Wednesday, June 23, 2010

2 MNLF men killed in new fighting in Southern Philippines

ZAMBOANGA CITY, Philippines (Mindanao Examiner / June 23, 2010) – Two Moro rebels were killed and four government soldiers wounded in a series of fighting in the southern Filipino province of Sulu, officials said Wednesday.
Officials said the fighting which began on Tuesday had killed two members of the Moro National Liberation Front in Talipao town where security forces captured a rebel encampment.

The fighting broke out after MNLF rebels and Abu Sayyaf militants attacked soldiers sent to work on a road project in the village of Tuyang. The Western Mindanao Command blamed MNLF leader Khabir Malik and Abu Sayyaf commander Yasser Igasan for the fighting.

“The operation was triggered when some combined partisan armed groups, rogue MNLF under Khabir Malik and ASG under Yasser Igasan resisted government-initiated development projects in southern Talipao,” it said in a statement released on Wednesday.

It said Malik also harassed military and government surveyors last month in Talipao town where a road project is underway to connect several villages to the town of Maimbung.

“Malik was previously reported by civilians on his opposition to road projects, and further warned construction workers not to pursue with these development plans,” the Western Mindanao Command said.

In Sulu, Brigadier General Rustico Guerrero, the local military chief, said fighting began at around 10 a.m. and erupted again later in the day after troops intercepted rebel forces headed by MNLF commanders Nidzmi Jabar, Maas Ejan and Jahid Susukan, and Abu Sayyaf militants.

“We cannot afford to delay progress that is already long overdue. The standpoint of these lawless elements in resisting government-initiated socio-economic and humanitarian projects is anti-people and counter progressive. Unless we will remove this perspective from the equation, hope for peace and development in Sulu is futile,” Rustico said.

He said troops also clashed with followers of a local politician who mistook security forces as their enemies, but there were no reports of casualties in the fighting.

The Western Mindanao Command under General Benjamin Dolorfino said Malik has a string of warrants of arrest and that the government put up a P1 million bounty for his capture.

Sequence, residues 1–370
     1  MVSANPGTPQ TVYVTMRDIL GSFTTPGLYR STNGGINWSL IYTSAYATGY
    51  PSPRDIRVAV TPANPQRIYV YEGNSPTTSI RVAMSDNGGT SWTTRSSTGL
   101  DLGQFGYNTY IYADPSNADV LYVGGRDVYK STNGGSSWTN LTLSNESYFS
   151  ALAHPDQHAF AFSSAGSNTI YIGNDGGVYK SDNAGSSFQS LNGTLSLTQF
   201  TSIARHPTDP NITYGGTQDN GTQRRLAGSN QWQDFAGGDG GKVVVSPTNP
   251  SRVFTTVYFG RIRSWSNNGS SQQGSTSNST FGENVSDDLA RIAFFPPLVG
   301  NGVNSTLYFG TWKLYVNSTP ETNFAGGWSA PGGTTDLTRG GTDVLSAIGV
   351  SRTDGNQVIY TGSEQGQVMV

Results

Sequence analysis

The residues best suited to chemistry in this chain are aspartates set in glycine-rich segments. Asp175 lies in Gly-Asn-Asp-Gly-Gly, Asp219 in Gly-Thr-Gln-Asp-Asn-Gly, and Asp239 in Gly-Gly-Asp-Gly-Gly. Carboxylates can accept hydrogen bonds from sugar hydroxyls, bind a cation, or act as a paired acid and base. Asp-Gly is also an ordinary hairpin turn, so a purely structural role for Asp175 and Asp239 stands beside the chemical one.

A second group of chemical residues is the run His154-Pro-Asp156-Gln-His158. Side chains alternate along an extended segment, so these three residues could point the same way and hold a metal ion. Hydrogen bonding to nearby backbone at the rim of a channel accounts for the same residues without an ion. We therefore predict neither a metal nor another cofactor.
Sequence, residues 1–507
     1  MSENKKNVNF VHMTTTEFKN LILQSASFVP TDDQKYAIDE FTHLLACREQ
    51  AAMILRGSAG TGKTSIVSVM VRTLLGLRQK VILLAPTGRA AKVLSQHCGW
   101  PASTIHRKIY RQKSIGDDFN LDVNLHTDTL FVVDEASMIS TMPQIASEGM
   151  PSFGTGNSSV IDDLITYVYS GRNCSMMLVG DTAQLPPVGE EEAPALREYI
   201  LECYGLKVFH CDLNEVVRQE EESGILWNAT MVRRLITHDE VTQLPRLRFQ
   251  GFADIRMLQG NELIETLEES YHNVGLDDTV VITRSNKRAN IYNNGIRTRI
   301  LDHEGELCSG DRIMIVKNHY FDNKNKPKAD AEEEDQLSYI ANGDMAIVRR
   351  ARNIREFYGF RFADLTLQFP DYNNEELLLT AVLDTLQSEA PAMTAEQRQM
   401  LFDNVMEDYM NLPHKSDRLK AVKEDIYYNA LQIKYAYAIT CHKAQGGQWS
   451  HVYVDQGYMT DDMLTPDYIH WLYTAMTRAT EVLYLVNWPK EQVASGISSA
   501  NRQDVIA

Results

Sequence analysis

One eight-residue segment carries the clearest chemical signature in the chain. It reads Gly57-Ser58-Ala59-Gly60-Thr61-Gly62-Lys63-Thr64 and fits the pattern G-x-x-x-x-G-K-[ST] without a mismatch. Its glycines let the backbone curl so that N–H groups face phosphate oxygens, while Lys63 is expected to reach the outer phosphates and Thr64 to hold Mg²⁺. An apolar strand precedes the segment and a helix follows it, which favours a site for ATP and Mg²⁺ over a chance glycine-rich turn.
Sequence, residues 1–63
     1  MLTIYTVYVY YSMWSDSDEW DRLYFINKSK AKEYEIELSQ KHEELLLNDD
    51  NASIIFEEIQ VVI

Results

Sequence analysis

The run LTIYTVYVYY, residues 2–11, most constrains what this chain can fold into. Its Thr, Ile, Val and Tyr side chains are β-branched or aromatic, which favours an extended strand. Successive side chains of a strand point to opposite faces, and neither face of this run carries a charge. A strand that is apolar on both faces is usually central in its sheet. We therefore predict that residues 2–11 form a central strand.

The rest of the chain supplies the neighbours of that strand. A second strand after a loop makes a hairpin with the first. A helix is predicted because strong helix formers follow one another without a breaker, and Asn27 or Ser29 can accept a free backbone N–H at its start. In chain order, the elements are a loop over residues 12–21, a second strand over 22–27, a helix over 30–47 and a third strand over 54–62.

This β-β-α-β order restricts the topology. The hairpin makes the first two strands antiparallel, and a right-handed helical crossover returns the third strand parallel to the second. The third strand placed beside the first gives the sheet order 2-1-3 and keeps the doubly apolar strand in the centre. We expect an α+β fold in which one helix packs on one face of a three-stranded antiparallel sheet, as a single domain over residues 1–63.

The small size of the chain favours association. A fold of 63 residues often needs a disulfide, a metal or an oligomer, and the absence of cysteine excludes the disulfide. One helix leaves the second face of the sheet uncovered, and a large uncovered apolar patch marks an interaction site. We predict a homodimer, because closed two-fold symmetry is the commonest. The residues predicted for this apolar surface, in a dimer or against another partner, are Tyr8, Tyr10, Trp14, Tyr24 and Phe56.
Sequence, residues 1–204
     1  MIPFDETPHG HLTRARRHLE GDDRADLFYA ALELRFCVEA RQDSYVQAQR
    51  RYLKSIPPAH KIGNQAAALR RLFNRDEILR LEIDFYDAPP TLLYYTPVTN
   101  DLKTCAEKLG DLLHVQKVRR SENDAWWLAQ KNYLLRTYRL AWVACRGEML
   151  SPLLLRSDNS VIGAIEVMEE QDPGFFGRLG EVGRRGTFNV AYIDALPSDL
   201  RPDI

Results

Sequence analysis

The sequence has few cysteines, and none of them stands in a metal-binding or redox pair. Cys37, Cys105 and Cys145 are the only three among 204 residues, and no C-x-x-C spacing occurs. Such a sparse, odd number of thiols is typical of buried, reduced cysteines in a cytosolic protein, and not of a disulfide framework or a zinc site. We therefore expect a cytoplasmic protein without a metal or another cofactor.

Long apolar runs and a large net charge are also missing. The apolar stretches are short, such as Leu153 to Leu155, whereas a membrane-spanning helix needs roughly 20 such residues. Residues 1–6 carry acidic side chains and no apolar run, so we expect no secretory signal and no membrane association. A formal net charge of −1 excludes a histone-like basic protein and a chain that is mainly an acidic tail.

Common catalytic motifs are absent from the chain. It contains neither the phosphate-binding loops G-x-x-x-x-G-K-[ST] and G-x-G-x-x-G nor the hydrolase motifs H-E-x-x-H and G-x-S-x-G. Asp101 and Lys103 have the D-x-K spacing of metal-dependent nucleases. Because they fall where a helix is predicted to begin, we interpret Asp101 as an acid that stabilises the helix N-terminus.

Malik’s group had previously held hostage Dolorfino and Defense Undersecretary Ramon Santos, including more than a dozen soldiers in February 2007 while visiting Sulu province. Malik then demanded the release of jailed MNLF chieftain Nur Misuari in exchange for the hostages. The rebels wanted Misuari, who was then facing rebellion charges, freed so he can attend an important conference between the Organization of Islamic Conference, the Philippines and the MNLF in Jeddah in Saudi Arabia.

Misuari had signed a peace deal with Manila in September 1996 ending more than 20 years of bloody fighting in the southern Philippines. After the peace agreement was signed, Misuari became the governor of the Muslim autonomous region.

But many former rebels were disgruntled with the accord, saying, the government failed to comply with some of its provisions and uplift their standards of living. They accused the government of failing to develop the war-torn areas in the south, which remain in mired in poverty, heavily militarized and dependent financially on Manila.

Some of the disgruntled former rebels have either joined the Moro Islamic Liberation Front, the country's largest separatist rebel group, and the smaller and ruthless Abu Sayyaf group.

In November 2001, on the eve of the regional elections, Misuari accused the government of reneging on the peace agreement, and launched a new rebellion in Sulu and Zamboanga City, where more than 100 people were killed. Misuari escaped by boat to Malaysia, but was arrested there and deported to the Philippines.

Under the peace agreement, Manila would provide a mini-Marshal Plan to spur economic development in Muslim areas in the south and livelihood and housing assistance to tens of thousands of former rebels to uplift their poor living standards. And Muslims in the South are most likely to fight for or support an armed separatist front when they perceive no alternative means to overcome discrimination and improve their living conditions.

Misuari was eventually released in 2008 after Manila dropped all charges against him in return for his political support to President Gloria Arroyo. (Mindanao Examiner)

No comments: